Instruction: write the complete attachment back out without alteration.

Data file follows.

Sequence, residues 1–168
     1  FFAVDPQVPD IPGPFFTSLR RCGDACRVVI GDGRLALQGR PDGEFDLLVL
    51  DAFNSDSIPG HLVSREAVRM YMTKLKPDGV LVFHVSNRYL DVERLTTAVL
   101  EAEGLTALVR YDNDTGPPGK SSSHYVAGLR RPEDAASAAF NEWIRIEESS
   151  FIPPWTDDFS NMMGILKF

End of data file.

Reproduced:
Sequence, residues 1–168
     1  FFAVDPQVPD IPGPFFTSLR RCGDACRVVI GDGRLALQGR PDGEFDLLVL
    51  DAFNSDSIPG HLVSREAVRM YMTKLKPDGV LVFHVSNRYL DVERLTTAVL
   101  EAEGLTALVR YDNDTGPPGK SSSHYVAGLR RPEDAASAAF NEWIRIEESS
   151  FIPPWTDDFS NMMGILKF